a solution of which is the Airy function; specifically, W ( ξ ) = A i ( ξ ) = 2 π O 0 ( ξ ) . This is in contradiction to the second equality in Equation (5) in which the Olver functions are related to the solutions to Equation (4) for m > 0 .

The authors give in Equation (24) of Ref. [

ψ m ( x , 0 ) = O m ( x ) exp ( a x ) ↔ O ˜ m ( λ + i a ) , (8)

for m = 0, 1 and 2. Here, O ˜ m ( λ ) denotes the Fourier transform of the Olver function O m ( x ) . For z ≥ 0 , one obtains, then,

ψ 0 ( x , z ) = exp ( a x + i a 2 2 z ) ∫ − ∞ ∞ d λ exp [ i λ ( x + i a z ) ] exp ( − i λ 2 2 z ) exp ( i λ 3 3 ) , ψ 1 ( x , z ) = exp ( a x + i a 2 2 z ) ∫ − ∞ ∞ d λ exp [ i λ ( x + i a z ) ] exp ( − i λ 2 2 z ) exp ( − λ 4 4 ) , ψ 2 ( x , z ) = exp ( a x + i a 2 2 z ) ∫ − ∞ ∞ d λ exp [ i λ ( x + i a z ) ] exp ( − i λ 2 2 z ) exp ( i λ 5 5 ) . (9)

The wave function ψ 0 ( x , z ) is the well-known Airy beam and contains finite energy for a positive parameter a. The Fourier representations of the wavefunctions ψ m ( x , z ) given by the integral expressions above do not yield analytical solutions for m > 0 . The expressions for m = 1 and 2 could justifiably be called Olver beams (but not necessarily accelerating Olver beams) because they are associated with apodized fourth-order diffusion (super diffusion) and fifth-order Airy (hyper Airy) functions, respectively, at z = 0 . However, a careful examination is needed in order to establish whether the exponential apodization is sufficient for ensuring finite energy. It turns out that the Airy beam ψ 1 ( x , z ) contains finite energy only for a < 0 . The choice of appropriate apodization for ψ 2 ( x , z ) requires careful examination.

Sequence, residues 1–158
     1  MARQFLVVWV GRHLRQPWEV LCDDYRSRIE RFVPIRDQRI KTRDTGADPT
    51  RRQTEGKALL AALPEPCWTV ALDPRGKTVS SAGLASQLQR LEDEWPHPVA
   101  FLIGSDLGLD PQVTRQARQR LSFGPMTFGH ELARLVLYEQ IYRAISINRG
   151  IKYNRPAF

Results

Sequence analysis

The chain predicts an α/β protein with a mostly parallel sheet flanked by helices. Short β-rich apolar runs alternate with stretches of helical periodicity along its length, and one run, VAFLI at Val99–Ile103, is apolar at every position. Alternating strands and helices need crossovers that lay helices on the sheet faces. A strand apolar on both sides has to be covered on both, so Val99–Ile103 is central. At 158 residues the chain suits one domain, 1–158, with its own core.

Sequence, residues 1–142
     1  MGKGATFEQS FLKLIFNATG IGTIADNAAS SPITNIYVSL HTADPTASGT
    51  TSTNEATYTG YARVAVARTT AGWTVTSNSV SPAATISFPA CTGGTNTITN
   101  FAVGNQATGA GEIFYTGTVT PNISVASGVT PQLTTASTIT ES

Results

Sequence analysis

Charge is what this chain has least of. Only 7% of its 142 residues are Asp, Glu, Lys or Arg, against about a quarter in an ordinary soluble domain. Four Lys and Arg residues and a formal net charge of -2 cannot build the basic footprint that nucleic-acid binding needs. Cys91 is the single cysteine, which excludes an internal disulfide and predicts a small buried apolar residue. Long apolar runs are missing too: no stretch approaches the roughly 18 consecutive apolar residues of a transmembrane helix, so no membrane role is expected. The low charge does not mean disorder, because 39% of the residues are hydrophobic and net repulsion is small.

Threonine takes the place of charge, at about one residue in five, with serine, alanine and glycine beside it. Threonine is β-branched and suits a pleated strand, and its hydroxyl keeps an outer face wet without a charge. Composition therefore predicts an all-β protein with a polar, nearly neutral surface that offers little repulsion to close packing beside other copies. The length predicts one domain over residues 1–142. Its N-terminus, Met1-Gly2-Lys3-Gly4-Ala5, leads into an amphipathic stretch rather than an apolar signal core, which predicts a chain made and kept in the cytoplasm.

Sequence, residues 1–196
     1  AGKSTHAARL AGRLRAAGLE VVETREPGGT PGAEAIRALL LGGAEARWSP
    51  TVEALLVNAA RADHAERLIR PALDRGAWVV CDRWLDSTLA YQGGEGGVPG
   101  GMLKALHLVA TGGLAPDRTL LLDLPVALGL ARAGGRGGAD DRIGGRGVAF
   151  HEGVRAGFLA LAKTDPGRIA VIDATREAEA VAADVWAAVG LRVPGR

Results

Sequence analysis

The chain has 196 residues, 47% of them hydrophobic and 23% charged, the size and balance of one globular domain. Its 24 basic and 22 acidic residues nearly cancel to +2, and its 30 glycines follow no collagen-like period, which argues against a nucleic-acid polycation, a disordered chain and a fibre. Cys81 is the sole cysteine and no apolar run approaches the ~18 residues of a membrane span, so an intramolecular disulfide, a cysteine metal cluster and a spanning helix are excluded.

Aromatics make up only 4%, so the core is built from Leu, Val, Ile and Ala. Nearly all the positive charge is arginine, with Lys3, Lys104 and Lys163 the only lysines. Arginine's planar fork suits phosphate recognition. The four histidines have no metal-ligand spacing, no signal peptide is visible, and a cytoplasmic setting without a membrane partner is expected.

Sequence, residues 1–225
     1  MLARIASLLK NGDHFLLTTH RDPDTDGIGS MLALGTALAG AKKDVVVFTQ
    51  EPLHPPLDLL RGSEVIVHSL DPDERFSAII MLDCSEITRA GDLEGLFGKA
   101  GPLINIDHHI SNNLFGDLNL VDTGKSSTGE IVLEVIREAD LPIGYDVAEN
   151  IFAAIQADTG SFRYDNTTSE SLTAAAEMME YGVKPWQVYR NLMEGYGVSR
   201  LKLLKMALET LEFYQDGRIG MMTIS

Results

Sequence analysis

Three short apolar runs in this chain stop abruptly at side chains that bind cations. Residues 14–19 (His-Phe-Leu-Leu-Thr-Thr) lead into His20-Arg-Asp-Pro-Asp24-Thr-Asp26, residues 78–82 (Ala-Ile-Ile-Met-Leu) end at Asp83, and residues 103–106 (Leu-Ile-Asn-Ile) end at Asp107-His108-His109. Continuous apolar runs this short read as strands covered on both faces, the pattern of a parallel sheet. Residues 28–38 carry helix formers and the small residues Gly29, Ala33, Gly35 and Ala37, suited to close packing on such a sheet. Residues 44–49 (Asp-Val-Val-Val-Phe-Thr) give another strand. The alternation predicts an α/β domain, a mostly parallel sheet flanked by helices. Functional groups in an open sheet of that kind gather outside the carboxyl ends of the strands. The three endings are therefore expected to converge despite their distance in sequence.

Due to their complexity, the wave functions ψ m ( x , z ) for m = 1 and 2 can be examined only numerically. The authors allude to such a program in Sec. 4, where they propose hologram masks. However, it is not clear whether the integrations given in Equation (9) above, which are required for z > 0 , have been carried out, and what is the basis for the plots in

Consider the second expression in Equation (5), viz.,

ψ m ( x , z ) = exp [ i ( z x 2 − z 3 12 ) ] O m ( x − z 2 4 ) . (10)

It has been shown in this note that this does not represent a solution of the parabolic Equation (2), unless m = 0 . Is it possible, however, that there exists another type of equation the solutions of which can be expressed as in Equation (10) for all values of m? Such an equation does exist and it is given as follows:

[ i ∂ ∂ z + 1 2 ∂ 2 ∂ x 2 + 1 2 ( x − z 2 4 ) − 1 8 m 2 ( x − z 2 4 ) m − 2 ] ψ m ( x , z ) = 0. (11)

Introducing the ansatz given in Equation (6) into Equation (11), one obtains the ordinary differential equation

d 2 d ξ 2 W m ( ξ ) − 1 4 m 2 ξ m − 2 W m ( ξ ) = 0 ; ξ = x − z 2 4 , (12)